Who would have thought there was a wrong way to shower? As it turns out, some aspects of our self-care routines may cause more harm than good.
So it stands to reason we might also be making showering mistakes. Yep, that mundane thing we’ve been doing for decades? We’re probably doing it wrong, especially if you often end up with dry, irritated, or itchy skin.
And as the seasons transition and cooler weather enters the scene, these tips will be especially useful. The good news is that just a few simple tweaks could help you get rid of irritated skin for good.
1. The Water Is Way Too Hot
Showering with super hot water is one of the most common showering mistakes. Honestly, we can’t blame anyone, because a long hot shower is sometimes just what the doctor ordered after a long day of work, responsibilities, and stress. But hot water can irritate the skin, causing redness or peeling. It could even exacerbate a condition called cholinergic urticaria—tiny hives caused by increased body temperature.
Showering with overly-hot water can also strip the skin of natural oils, leaving your skin dry and flaky. It’s best to take a warm to lukewarm (or even cool) shower to increase circulation and decrease inflammation. Cold showers have been shown to boost your immune system, relieve symptoms of depression, and improve circulation. But there can be risks to taking cold showers, especially if you have heart disease, so do your research before turning down the temperature.
2. Excessively Long Showers
Showering for too long can lead to infections because it strips the skin’s natural barriers. Short showers—preferably less than 10 minutes—with lukewarm water will help protect your skin. If you spend 30 to 45 minutes in the shower, you might want to reevaluate (also, that’s a lot of water!).
Using a gentle moisturizer afterward will replace hydration that even a short shower can take away. Try something without a strong scent or harsh ingredients—Eight Saints makes a good one.
3. Washing Too Aggressively
If you’re prone to scrubbing with a loofah or washcloth, you might be damaging your skin. Additionally, if your products are too harsh, your skin could suffer. Choose products without strong fragrances. Try a mild, gentle soap or shower gel like Cetaphil Moisturizing Relief Body Wash for Sensitive Skin.
You may also want to re-examine your use of loofahs or other cleansing pads—they are great at harboring bacteria, so clean them at least once a week. The same goes for washcloths—wash and replace them regularly.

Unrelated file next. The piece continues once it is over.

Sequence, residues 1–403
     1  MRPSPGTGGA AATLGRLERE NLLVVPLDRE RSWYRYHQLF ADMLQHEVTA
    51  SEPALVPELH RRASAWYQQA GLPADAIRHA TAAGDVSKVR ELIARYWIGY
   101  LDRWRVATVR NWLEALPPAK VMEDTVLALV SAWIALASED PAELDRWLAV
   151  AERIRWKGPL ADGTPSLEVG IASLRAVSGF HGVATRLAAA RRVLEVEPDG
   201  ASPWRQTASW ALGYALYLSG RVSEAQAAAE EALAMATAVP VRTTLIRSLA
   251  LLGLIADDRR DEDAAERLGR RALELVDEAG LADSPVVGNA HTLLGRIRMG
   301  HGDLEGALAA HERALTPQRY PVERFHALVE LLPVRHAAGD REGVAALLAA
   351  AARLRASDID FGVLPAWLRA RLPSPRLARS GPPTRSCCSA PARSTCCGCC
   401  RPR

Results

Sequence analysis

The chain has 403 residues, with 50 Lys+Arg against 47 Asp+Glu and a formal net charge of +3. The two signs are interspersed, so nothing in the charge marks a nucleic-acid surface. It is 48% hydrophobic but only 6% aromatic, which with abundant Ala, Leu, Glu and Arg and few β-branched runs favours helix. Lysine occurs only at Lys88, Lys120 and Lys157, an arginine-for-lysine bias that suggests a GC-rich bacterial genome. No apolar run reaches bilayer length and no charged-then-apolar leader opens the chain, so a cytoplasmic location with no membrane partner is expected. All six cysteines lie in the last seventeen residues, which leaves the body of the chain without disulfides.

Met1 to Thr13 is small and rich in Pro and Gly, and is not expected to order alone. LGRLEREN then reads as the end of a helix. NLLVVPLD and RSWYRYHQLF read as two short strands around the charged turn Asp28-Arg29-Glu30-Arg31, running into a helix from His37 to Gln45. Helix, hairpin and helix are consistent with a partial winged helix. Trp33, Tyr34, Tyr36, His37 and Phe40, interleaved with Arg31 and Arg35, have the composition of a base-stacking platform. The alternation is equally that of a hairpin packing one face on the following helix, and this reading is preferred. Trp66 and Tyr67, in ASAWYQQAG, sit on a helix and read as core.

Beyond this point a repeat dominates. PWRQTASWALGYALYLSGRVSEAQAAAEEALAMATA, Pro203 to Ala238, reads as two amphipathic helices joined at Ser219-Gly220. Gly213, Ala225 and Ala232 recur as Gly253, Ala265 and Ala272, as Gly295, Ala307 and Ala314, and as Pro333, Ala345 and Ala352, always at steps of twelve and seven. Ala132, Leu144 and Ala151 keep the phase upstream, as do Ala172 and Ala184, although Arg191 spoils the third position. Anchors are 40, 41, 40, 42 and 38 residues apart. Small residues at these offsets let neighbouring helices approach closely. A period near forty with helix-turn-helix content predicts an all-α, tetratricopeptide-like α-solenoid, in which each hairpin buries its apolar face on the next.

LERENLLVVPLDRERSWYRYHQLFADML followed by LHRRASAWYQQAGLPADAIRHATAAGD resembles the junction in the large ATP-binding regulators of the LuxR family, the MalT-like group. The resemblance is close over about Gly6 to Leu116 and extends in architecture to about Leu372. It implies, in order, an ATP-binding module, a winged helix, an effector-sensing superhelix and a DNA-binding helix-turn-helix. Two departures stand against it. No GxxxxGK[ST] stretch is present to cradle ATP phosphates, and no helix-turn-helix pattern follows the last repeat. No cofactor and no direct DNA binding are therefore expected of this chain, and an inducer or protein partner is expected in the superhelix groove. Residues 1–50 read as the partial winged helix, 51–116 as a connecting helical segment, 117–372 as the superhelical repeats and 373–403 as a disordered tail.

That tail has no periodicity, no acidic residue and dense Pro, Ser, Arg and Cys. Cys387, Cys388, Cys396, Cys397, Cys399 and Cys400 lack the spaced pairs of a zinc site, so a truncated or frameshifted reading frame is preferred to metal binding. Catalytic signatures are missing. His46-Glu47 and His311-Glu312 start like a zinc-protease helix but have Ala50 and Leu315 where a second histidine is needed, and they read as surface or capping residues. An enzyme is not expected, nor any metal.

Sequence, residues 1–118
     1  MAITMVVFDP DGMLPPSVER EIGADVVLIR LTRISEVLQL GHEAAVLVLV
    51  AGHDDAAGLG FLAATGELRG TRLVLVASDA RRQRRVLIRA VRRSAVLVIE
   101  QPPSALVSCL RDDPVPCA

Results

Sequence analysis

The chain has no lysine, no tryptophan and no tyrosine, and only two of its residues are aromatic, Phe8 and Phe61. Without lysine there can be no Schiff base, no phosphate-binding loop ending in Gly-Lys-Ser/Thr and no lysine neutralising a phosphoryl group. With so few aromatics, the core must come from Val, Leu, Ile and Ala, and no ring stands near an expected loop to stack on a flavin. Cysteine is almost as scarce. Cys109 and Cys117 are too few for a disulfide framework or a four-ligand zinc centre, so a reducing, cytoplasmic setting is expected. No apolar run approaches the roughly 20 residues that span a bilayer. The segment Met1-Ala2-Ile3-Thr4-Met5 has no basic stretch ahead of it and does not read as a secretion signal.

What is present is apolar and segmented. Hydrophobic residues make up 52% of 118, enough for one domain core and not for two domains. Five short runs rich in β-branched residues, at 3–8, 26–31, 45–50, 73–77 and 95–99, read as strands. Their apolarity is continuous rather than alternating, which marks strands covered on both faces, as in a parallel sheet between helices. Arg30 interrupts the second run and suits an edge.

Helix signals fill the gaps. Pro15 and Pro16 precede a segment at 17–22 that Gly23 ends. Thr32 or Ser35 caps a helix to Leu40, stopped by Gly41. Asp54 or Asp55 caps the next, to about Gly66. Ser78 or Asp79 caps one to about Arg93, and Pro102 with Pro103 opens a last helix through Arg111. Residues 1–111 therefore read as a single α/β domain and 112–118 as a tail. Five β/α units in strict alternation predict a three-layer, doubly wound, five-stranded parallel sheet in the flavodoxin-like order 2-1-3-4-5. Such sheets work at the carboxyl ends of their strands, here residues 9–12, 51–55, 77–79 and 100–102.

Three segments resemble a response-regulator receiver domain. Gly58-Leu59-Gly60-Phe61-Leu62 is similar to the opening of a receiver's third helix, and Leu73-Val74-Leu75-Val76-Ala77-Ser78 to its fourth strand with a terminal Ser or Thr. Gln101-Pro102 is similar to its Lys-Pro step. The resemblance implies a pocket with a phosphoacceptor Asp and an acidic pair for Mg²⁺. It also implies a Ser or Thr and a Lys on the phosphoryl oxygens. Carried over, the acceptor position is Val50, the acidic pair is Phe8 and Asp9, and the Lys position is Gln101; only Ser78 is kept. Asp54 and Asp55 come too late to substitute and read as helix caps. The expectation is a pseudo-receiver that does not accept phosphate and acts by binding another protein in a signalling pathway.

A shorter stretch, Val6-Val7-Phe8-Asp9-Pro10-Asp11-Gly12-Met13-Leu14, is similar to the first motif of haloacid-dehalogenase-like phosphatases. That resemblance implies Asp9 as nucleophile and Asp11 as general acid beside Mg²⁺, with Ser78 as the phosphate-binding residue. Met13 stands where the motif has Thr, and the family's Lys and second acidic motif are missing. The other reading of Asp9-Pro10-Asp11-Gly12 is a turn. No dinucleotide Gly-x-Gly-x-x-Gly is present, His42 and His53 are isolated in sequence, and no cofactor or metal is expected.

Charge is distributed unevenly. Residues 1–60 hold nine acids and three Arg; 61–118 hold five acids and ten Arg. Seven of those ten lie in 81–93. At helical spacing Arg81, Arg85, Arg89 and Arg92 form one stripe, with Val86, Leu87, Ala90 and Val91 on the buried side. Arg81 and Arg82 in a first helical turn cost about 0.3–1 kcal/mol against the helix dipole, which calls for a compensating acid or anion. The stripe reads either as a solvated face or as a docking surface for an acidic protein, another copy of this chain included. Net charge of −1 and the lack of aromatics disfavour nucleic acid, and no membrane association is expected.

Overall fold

4. Not Rinsing Completely
In addition to washing too aggressively, if you rush through the end of your shower and don’t rinse off completely, the leftover residue could dry out and irritate your skin. Leftover suds can also trigger skin conditions like eczema or contact dermatitis.
This is particularly true when it comes to the more sensitive parts of your body. There are a few potential solutions to this: Rinse those nooks and crannies extra well (gently, with lukewarm water), use less soap in the first place, or use an extra gentle cleanser.
5. Showering Too Often
Many of us were programmed to think we need to shower at least once a day. But in reality, that might not be necessary unless you’re really working up a daily sweat. Again, showering too often can strip the skin of oils, leaving you with itchy, dry, skin.
But be aware that showering too infrequently can also cause skin problems. Dirt, sweat, and dead skin cell buildup could result in acne, psoriasis, or dermatitis. So while it’s a good idea to shower after exercising or a hot, active day outside, skipping a day is probably fine if you’ve been inactive most of the day.
6. After-Shower Mistakes
If you haven’t replaced your towels in a while, your towels might be too rough and irritating, not drying you properly, or unable to absorb water. Your drying-off technique might also be to blame. It’s best to gently pat your skin dry after stepping out of the shower, followed by an unscented moisturizer.
If you’ve tried all of the above and your skin is still irritated, make sure to mention it to your doctor or dermatologist. There could be an underlying cause, including menopause. A dermatologist can help you discover what’s really getting under your skin.